The Alphabet Google YouTube Thing Explains Good Old Outcome Centered Design

April 8, 2021

If you have tried to locate information on a Google Map, you know what good design is, right? What about trying to navigate the YouTube upload interface to add or delete a “channel”? Perfection, okay. What if you have discovered an AMP error email and tried to figure out how a static Web site generated by an AMP approved “partner” can be producing a single flawed Web page? Intuitive and helpful, don’t you think?

Truth is: Google Maps are almost impossible to use regardless of device. The YouTube interface is just weird and better for a 10-year-old video game player than a person over 30, and the AMP messages? Just stupid.

I read “Waymo’s 7 Principles of Outcome-Centered Design Are What Your Product Needs” and thought I stumbled upon a listicle crafted by Stephen Colbert and Jo Koy in the O’Hare Airport’s Jazz Bar.

Waymo (so named because one get way more with Alphabet Google YouTube — hereinafter, AGYT)technology — is managed by co-CEOs. It is semi famous for hiring uber engineer Anthony Levandowski. Plus the company has been beavering away to make driving down 101 semi fun since 2009. The good news is that Waymo seems to be making more headway than the Google team trying to solve death. The Wikipedia entry for Waymo documents 12 collisions, but the exact number of smart  errors by the Alphabet Google YouTube software is not known even to some Googlers. Need to know, you know.

What are the rules for outcome centered design; that is, ads but no crashes I presume. The write up presents seven. Here are three and you can let your Chrome browser steer you to the full list. Don’t run into the Tesla Web site either, please.

Principle 2. Create focus by clarifying you8r purpose.

Okay, focus. Let’s see. When riding in a vehicle with no human in charge, the idea is to avoid a crash. What about filtering YouTube for okay content? Well, that only works some of the time. The Waymo crashes appear to underscore the fuzz in the statistical routines.

And Principle 4. Clue in to your customer’s context.

Yep, in a vehicle which knows one browsing history and has access to nifty profiles with probabilities allows the vehicle to just get going. Forget what the humanoid may want. Alphabet Google YouTube is ahead of the humanoid. Sometimes. The AFYT approach is to trim down what the humanoid wants to three options. Close enough for horse shoes. Waymo, like Alphabet Google YouTube, knows best. Just like a digital mistress. The humanoid, however, is going to a previously unvisited location. Another humanoid told the rider face to face about an emergency. The AGYT system cannot figure out context. Not to worry. Those AGYT interfaces will make everything really easy. One can talk to the Waymo equipped smart vehicle. Just speak clearly, slowly, and in a language which Waymo parses in an acceptable manner. Bororo won’t work.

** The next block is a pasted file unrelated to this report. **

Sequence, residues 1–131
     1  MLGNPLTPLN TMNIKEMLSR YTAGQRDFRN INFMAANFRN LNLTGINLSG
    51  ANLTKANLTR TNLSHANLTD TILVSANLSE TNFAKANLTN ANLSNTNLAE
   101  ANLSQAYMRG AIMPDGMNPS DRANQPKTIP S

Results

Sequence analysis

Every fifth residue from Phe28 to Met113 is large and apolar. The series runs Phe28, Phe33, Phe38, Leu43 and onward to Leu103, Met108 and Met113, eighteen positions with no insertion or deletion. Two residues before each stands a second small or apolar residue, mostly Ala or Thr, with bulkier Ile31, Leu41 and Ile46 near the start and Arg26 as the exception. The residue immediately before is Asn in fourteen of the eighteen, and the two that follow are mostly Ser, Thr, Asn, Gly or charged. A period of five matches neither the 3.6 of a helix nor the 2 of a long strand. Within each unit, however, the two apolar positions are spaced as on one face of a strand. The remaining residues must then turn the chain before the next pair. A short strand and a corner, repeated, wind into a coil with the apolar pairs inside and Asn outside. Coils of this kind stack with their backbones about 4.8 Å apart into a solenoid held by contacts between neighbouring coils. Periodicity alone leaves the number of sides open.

Finally, Principle 7: Edit edit edit.

I think this means revisions. Those are a great idea. Alphabet Google YouTube does an outstanding job with dots, hamburger menus, and breezy writing in low contrast colors. Oh, content? If you don’t get it, you are not Googley. Speak up and you may be the Timnit treatment or the Congressional obfuscation rhetoric. I also like ignoring the antics of senior managers.

Yep, outcome centered. Great stuff. Were Messrs. Colbert and Koy imbibing something other than Sprite at the airport when possibly conjuring this list of really good tips? What’s the outcome? How about ads displayed to passengers in Waymo infused vehicles? Context centered, relevant, and a feature one cannot turn off.

Stephen E Arnold, April 8, 2021


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